11-29-2003
Was Humanity's Rise to Preeminence Fueled By Fish Oils?

    In his new book, The Omega Rx Zone - The Miracle of the New High-Dose Fish Oil, Dr. Barry Sears advances an interesting thesis. In a brief cut at an outline of pre-history that Rostam Seddiq and I cobbled together in early 2000, we quoted from Dr. Ian Tattersall's article, "Once We Were Not Alone", in the December, 1999, issue of Scientific American. To reprise that quotation:

    In 40,000 B. C., something changed abruptly. This warrants some discussion. To quote Ian Tattersall, "The stoneworking skills of the Neanderthals were impressive, if somewhat stereotyped, but they rarely, if ever, made tools from other preservable materials. And many archeologists question the sophistication of their hunting skills.
    "Further, despite misleading early accounts of bizarre Neanderthal "bear cults" and other rituals, no substantial evidence has been found for symbolic behaviors among these hominids, or for the production of symbolic objects—certainly not before contact had been made with modern humans. Even the occasional Neanderthal practice of burying the dead may have been simply a way of discouraging hyena incursions into their living spaces, or have a similar mundane explanation, for Neanderthal burials lack the "grave goods" that would attest to ritual and to a belief in an afterlife. The Neanderthals, in other words, although admirable in many ways and for a long time, successful in the difficult circumstances of the late Ice Ages, lacked the spark of creativity that, in the end, distinguished Homo sapiens."
    "Significantly, the Homo sapiens who invaded Europe brought with them abundant evidence of a fully formed and unprecedented modern sensibility. Not only did they possess a new "Upper Paleolithic" stoneworking technology based upon the production of long, thin blades from cylindrical cores, but they made tools from bone and antler, with an exquisite sensitivity to the properties of those materials.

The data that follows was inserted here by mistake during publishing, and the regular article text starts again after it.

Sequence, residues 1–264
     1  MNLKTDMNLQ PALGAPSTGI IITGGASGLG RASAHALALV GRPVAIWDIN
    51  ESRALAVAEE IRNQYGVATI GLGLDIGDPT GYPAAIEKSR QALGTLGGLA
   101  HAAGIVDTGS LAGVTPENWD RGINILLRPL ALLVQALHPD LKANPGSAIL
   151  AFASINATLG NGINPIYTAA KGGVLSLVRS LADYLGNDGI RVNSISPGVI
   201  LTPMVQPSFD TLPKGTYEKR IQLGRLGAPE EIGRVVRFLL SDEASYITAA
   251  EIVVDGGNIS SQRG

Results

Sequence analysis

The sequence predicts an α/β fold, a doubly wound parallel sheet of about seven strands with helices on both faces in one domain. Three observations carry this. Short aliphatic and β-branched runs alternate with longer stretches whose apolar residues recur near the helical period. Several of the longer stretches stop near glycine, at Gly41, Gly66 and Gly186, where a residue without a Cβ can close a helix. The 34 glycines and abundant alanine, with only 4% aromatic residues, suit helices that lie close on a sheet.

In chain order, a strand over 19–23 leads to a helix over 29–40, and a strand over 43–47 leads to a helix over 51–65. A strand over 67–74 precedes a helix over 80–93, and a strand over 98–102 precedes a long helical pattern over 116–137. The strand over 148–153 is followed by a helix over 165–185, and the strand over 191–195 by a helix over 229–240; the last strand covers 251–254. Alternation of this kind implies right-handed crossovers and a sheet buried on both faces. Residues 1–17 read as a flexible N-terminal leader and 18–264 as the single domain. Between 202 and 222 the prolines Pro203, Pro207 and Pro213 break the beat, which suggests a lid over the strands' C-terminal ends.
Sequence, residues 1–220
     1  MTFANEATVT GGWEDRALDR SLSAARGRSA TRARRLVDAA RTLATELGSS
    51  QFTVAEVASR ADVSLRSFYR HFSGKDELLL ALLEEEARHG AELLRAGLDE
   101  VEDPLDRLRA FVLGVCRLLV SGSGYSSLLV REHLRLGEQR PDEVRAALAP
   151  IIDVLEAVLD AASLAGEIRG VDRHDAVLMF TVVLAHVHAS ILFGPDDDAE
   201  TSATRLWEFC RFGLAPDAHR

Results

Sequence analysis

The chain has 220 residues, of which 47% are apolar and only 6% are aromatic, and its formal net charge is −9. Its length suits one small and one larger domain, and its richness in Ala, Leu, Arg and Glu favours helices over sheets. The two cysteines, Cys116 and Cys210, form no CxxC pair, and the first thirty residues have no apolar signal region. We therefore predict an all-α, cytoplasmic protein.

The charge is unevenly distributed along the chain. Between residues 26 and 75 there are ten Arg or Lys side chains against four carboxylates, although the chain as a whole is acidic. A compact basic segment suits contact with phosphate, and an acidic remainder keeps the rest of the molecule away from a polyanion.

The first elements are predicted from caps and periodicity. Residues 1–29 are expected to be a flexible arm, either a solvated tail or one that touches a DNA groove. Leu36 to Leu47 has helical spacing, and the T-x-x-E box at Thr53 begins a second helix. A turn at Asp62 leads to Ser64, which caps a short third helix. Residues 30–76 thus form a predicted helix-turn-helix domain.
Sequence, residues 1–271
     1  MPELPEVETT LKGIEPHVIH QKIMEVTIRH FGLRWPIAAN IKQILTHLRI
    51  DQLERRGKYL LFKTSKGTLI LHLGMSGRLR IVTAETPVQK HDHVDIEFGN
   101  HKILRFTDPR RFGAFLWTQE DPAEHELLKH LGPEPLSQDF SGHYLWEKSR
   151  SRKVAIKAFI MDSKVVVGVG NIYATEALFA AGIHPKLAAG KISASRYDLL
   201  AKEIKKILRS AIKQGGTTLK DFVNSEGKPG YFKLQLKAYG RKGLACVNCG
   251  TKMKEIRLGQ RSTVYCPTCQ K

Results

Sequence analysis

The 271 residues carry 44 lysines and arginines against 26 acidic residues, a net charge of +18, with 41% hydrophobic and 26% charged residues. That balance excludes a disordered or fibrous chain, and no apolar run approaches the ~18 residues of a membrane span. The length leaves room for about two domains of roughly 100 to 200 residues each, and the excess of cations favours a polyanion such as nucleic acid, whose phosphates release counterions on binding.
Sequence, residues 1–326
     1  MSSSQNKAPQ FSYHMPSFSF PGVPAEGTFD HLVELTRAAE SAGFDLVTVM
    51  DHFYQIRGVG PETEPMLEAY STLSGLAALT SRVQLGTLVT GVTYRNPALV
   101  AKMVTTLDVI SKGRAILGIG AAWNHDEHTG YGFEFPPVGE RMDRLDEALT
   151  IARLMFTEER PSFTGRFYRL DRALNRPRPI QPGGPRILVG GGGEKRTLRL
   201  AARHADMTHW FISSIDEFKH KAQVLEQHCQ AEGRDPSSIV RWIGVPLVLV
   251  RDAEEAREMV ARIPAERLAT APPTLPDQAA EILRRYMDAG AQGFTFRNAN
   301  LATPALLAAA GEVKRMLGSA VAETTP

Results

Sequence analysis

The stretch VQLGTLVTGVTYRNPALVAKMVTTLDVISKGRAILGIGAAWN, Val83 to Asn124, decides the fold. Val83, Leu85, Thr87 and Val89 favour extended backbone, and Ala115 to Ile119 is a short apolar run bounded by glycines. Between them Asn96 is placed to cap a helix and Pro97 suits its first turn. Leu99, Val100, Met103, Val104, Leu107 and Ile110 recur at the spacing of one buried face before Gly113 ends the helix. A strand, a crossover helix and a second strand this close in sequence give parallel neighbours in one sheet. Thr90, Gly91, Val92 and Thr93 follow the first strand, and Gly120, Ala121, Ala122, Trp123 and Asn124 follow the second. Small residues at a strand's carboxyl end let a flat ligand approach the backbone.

"Even more significant, they brought with them art, in the form of carvings, engravings and spectacular cave paintings; they kept records on bone and stone plaques; they made music on wind instruments; they crafted elaborate personal adornments; they afforded some of the dead elaborate burials with grave goods (hinting at social stratification in addition to belief in an afterlife; for not all their burials were equally fancy); and their living sites were highly organized, with evidence of sophisticated hunting and fishing. The pattern of intermittent technological innovation was gone, replaced by constant refinement. Clearly, these people were us."
    (About 40,000 years ago, the Neanderthals disappeared from the Levant, and about 30,000 years ago, 10,000 years after Homo sapiens first arrived in Europe, Neanderthal Man disappeared from Europe as well.) Ian Tattersall continues:
    "The key to the difference between the European and the Levantine experience lies, most probably, in the emergence of modern cognition which, it is reasonable to suppose, is equivalent to the advent of symbolic thought."
    "It is impossible to be sure what this innovation might have been, but the best current bet is that it was the invention of language. For language is not simply the medium by which we express our ideas and experiences to each other. Rather, it is fundamental to the thought process itself. It involves categorizing and naming objects and sensations in the outer and inner worlds and making associations between resulting mental symbols. It is, in effect, impossible for us to conceive of thought (as we are familiar with it) in the absence of language, and it is the ability to form mental symbols that is the fount of our creativity, for only once we create such symbols can we recombine them and ask such questions as "What if...?"

        —from "We Are Not Alone", by Ian Tattersall, with Paintings
            by Jay H. Matternes, Scientific American, Dec., 1999, pg. 56.

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